OR WAIT null SECS
Don't stew in anger over your annoying call coverage schedule. Here's how to improve the situation.
It's a perfect recipe for conflict: As the AAFP is encouraging primary care doctors to provide round-the-clock call coverage-a key ingredient of its ideal practice model-more and more doctors are looking to cut down on their own after-hours work.
Young doctors, both male and female, are increasingly reluctant to sacrifice time with family and friends to take call. Some expect more pay for doing so. Others expect and ask for different perks-such as fewer regular office hours-in exchange for sharing equally in call. And young physicians aren't the only ones who want out; some older doctors do, too.
While the growing number of hospitalists has meant fewer 3 a.m. hospital visits for office-based doctors, that respite could prove temporary. The shrinking supply of primary care physicians, coupled with the aging baby-boom population's need for medical care, may lead to a surge in after-hours call.
"Call coverage is really a big issue these days," echoes Kenneth Hertz, a consultant with the Medical Group Management Association in Alexandria, LA. "One practice I met with was trying to recruit a pediatrician. The practice is in a small rural community, and the doctor it was negotiating with wanted to work only from 9 to 5-no weekends, and no call. He also wanted a lot of time off.
"The practice couldn't offer that, so the doctor took a job in another small community that apparently was able to meet his terms. With the shortage of doctors in specific specialties and the difficulty in recruiting to small rural areas, we're seeing all sorts of things that we didn't see years ago."
If conflicts over call coverage are stirring up trouble in your practice, restoring peace and finding a solution that everyone considers equitable will take some effort. Here are some options to consider.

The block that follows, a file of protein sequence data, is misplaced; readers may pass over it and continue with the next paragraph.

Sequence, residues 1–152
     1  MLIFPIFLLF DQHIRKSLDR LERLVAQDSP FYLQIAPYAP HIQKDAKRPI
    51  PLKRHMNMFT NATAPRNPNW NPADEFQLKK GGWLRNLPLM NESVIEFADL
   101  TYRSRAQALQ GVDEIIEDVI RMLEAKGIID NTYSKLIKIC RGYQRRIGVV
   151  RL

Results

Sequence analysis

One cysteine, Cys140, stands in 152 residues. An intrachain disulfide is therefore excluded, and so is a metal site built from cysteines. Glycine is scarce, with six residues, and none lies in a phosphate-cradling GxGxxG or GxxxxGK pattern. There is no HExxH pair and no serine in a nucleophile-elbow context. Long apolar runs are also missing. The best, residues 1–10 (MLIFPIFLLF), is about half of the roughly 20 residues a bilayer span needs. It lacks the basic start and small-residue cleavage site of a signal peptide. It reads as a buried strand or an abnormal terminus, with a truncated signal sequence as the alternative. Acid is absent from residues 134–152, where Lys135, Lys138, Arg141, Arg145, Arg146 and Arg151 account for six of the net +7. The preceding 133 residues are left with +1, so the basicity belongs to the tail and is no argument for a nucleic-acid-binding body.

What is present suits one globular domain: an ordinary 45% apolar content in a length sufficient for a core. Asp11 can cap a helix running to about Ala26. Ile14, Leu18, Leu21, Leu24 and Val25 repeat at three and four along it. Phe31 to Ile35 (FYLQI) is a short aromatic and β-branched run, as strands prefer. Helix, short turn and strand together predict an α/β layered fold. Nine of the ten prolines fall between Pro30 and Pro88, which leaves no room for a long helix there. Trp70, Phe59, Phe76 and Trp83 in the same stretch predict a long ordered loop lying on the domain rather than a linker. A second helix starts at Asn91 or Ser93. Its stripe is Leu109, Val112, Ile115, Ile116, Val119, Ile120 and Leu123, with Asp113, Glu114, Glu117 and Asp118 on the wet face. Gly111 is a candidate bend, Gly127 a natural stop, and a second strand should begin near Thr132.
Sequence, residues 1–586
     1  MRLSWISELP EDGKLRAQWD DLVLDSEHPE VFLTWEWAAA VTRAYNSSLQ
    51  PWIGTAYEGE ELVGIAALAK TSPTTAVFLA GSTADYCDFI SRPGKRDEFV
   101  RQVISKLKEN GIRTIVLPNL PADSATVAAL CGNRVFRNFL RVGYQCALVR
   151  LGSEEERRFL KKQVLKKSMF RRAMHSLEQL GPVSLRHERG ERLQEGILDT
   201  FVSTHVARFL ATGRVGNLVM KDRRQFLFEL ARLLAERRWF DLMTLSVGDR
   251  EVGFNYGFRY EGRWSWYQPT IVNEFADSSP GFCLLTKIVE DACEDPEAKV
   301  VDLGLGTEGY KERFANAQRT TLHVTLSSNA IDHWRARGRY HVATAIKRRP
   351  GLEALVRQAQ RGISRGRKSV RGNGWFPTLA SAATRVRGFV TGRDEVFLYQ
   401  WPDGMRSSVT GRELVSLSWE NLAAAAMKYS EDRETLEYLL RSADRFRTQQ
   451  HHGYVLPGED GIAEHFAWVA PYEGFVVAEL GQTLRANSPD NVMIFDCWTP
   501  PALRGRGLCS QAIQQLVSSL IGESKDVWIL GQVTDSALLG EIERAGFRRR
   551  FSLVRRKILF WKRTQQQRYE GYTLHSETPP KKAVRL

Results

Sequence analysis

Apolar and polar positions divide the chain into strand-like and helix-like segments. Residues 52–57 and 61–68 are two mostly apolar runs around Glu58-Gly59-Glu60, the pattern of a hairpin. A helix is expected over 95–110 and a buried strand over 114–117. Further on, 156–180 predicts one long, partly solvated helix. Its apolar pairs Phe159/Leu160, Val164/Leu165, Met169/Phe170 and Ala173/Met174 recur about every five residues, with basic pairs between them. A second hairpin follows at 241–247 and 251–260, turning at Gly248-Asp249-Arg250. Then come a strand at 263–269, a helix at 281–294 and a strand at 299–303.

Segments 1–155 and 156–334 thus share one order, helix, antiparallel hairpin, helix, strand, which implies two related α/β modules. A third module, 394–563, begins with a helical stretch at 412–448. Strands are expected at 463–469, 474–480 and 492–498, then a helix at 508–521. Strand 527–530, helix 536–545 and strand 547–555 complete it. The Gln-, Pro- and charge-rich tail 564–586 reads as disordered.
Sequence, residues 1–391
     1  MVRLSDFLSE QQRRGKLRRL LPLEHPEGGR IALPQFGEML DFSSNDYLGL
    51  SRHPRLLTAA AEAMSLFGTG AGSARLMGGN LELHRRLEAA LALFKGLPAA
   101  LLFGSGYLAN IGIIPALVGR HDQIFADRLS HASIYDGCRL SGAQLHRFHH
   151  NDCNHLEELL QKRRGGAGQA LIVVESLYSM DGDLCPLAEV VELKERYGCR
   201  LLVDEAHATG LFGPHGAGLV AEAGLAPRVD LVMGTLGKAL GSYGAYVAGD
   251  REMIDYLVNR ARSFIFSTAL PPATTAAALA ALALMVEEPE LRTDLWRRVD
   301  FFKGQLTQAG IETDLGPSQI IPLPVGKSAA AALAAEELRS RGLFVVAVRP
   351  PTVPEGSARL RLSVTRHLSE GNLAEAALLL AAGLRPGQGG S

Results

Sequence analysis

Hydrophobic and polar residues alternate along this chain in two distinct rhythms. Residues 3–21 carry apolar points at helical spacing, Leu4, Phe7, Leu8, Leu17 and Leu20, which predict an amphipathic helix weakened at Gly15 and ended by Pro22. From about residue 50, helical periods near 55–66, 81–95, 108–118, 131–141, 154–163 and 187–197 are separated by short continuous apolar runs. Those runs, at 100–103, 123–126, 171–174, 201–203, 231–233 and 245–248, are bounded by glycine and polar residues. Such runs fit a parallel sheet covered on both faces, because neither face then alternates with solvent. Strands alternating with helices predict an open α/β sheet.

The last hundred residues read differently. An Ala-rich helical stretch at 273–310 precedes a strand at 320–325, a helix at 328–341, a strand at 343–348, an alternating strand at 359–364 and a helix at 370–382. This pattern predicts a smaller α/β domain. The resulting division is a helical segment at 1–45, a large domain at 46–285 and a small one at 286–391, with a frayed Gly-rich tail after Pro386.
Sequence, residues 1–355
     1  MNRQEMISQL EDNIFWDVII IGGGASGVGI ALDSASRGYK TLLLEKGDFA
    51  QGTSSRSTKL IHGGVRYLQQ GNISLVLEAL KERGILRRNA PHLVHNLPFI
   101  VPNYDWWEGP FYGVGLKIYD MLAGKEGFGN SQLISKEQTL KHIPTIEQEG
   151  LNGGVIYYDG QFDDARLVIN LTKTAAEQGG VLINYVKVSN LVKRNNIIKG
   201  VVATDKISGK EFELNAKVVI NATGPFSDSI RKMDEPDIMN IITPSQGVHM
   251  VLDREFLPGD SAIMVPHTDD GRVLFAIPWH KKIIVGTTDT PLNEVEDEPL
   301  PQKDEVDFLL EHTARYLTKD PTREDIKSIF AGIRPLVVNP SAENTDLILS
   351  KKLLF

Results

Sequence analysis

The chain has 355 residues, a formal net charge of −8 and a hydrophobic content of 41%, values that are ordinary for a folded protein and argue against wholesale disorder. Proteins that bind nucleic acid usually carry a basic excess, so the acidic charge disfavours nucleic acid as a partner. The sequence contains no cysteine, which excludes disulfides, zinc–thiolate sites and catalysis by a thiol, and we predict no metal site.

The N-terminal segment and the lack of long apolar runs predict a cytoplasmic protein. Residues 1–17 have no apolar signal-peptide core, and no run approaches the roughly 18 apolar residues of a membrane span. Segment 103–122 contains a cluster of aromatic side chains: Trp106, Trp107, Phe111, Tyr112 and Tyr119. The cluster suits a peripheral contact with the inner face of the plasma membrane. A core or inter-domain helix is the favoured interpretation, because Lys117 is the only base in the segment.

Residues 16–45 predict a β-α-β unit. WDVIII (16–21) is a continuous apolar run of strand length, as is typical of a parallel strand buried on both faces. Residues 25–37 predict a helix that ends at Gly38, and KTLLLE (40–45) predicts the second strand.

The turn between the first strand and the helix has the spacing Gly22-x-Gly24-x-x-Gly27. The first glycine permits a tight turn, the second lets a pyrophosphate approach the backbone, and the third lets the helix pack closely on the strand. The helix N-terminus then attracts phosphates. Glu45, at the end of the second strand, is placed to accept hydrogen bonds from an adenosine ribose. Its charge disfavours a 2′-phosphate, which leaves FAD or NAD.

Focus on the root of the problem
If you're having trouble covering call, try to identify precisely the issue that's creating the difficulty. Too few doctors? Too much swapping of hours? Physicians stonewalling against taking call?
While adding more doctors to the practice may seem like the best way to spread the burden, that's not necessarily so, says practice management consultant Judy Bee, with Practice Performance Group in La Jolla, CA. "Sharing call duty isn't a good enough reason to hold a group together," she notes. "If all the doctors feel overworked, hiring another provider may make sense. But if you don't need more doctors otherwise, you're better off trying to negotiate a call arrangement with doctors in other practices."
You may find it hard to organize a call group if you're working solo and reaching out to group practices for help. "Once a group has about five doctors, it can handle call internally and doesn't need the solo doctor," says Bee. You've got to offer something special as an enticement. "For example, one doctor who was negotiating call is Jewish, and his trump card was to take call on Christmas every year."
You may be reluctant to have doctors from another group cover call for you for fear of losing patients to them. Talk candidly about this up front, says Bee. "You need to determine how you'll all handle certain situations. For instance, if the on-call doctor from another practice sees a child during the night, all the doctors could agree that the original practice will handle any follow-up visits."